Asylum Seekers from Haiti Still Searching for Safety

08 June 2022

In January 2010, an earthquake hit the island of Haiti and set into motion a years-long migration crisis. An estimated 220,000 people were killed, and 1.5 million people became homeless setting off a massive surge of migration from a country that long-suffered from instability and insecurity.  

Many who fled Haiti traveled to places promising the best possible stability, including Brazil and Chile. Brazil offered special work visas and a welcoming border policy at the time. Chile held similar promise, removing visa requirements for Haitians until 2018 and offering a safe haven for those looking to build a new life. 

Yet declining economies and the impact of the COVID-19 pandemic in Latin America resulted in a rise in overt racism and xenophobia towards Haitian migrants. Haitians reported being paid less for their work, pushed into ghetto housing, and having slurs or insults openly used against them. This forced many Haitians to continue to push north in their journey. 

Elange Dorlouis is one migrant still searching for peace and stability. Now 40 years old, Elange first left Haiti in 2011 after his uncle was killed while working together in the family business. He first traveled to the Dominican Republic and then arrived in Chile to find work opportunities. He left behind his wife and three children and eventually left Chile after living conditions became more challenging.

 

Vulnerable populations, including Haitians, must be prioritized as they continue to search for safety and security. 

In July 2021, Elange heard about a caravan of other Haitian migrants heading to Mexico. He hoped Mexico would offer the safety and opportunity he was looking for, and the possibility of reuniting with his family. The caravan traveled through the Amazon rainforest and the notorious Darien Gap where they endured horrific living conditions and unspeakable violence. Many perished or suffered at the hands of violent gangs along the way.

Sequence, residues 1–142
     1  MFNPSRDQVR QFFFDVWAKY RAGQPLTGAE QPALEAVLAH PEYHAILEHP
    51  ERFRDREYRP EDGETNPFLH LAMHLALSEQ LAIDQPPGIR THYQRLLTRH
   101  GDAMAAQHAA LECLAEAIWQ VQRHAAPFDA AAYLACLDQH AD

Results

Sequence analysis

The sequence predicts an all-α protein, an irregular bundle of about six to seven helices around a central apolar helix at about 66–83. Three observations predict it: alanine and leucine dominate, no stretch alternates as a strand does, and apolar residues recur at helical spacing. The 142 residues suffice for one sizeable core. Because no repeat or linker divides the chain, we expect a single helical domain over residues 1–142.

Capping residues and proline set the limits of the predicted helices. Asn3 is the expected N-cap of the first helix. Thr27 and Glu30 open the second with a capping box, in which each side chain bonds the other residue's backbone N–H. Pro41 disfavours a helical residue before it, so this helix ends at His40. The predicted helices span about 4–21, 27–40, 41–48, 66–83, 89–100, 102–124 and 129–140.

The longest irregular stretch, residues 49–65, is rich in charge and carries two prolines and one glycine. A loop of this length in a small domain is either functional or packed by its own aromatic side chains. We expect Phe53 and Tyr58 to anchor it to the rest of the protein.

Elange arrived in Mexico in August 2021 and Jesuit Refugee Service Mexico is helping him complete the paperwork necessary to petition for asylum in Mexico. JRS also provides him with food and cash assistance. His greatest hope is to reunite with his family and find a job to support himself and his family. “I know that I need to do what I must to bring my family here, for my family.” 

While Elange is planning to settle in Mexico if his asylum application is approved, many others have traveled to the U.S.-Mexico border in hopes that the Biden Administration would provide opportunities for protection.  

Thousands gathered in Del Rio, TX in September 2021, yet the U.S. responded by enforcing policies that significantly limit access to asylum – including Title 42 and the Migrant Protection Protocols – and deporting thousands back to Haiti. Many more were expelled back to Mexico where they continue to wait patiently for the opportunity to legally enter the U.S. 

Migration patterns in the Western Hemisphere are challenging and complex, yet the U.S. must work with regional partners to develop a comprehensive regional plan that addresses these challenges. Vulnerable populations, including Haitians, must be prioritized as they continue to search for safety and security.